Yet, she still fished with her dad on the weekends, asking to keep the catch to barbeque over the campfire. Her time with her father was limited and fishing was a shared bond. He didn’t understand her as she came into her teen years, and to her, he looked like a foolish old man who didn’t know a thing. So they fished, luckily never catching anything on most of their forays.
She wondered in retrospect if she had let those many fish get away for her own good.
The last occasion, they camped near the river, near her older sister’s house. They had hiked up and down the river for hours before they settled on the little pool to drop their lines in. And the bites came. The fish were small, but assuredly legal, according to dad. Of course, dad had no use for rules and she held no fishing license.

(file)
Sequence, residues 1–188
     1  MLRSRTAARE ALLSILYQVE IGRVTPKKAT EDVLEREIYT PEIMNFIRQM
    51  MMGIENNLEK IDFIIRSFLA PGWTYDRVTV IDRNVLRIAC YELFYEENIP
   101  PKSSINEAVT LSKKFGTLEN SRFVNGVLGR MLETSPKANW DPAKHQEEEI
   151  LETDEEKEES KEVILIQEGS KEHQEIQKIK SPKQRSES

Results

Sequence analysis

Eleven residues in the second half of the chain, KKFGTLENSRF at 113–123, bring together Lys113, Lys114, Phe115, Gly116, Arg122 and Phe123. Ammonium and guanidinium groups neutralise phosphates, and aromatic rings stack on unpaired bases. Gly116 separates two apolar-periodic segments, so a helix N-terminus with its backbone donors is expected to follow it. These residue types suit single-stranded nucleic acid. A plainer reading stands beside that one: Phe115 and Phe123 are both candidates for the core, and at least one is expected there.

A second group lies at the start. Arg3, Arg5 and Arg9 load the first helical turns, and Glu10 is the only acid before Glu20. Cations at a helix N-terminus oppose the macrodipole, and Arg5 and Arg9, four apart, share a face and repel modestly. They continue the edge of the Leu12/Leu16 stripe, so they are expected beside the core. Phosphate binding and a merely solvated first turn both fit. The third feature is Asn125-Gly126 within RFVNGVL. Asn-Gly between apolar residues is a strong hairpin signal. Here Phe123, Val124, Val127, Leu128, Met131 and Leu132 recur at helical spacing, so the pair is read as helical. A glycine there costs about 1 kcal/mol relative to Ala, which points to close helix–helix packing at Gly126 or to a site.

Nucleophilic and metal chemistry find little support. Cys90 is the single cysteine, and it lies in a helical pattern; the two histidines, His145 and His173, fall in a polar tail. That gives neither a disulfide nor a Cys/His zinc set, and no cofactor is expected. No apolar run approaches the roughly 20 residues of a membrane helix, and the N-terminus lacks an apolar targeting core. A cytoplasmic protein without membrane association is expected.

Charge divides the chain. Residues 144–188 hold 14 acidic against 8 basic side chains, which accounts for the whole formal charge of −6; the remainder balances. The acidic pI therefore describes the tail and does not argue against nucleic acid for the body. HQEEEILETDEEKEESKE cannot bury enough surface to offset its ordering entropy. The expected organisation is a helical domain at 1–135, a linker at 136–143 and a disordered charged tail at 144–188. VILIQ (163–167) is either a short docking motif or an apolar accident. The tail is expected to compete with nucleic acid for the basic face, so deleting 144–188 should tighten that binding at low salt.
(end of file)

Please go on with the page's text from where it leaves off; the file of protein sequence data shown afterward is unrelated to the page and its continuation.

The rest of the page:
They cleaned their small meal on the rocks and grilled them over the campfire. It was good.
Minutes after eating, she was seized by the horrible pain, the burning pressure in her chest. She lay in the camper, in the upper bunk, the horrendously dated green and gold upholstery mocking her foolishness. “You can’t eat that, dummy, you’ll die!” it seemed to scream at her. Her senses were overloaded and all she could do was lay still and wait it out.
“Are you okay?” her dad hollered in the door. He was outside with the campfire and his flask, like any other camping trip. “I think I swallowed a bone,” she choked, trying not to panic the old man. He accepted her assurance that she would be alright and returned to the fire.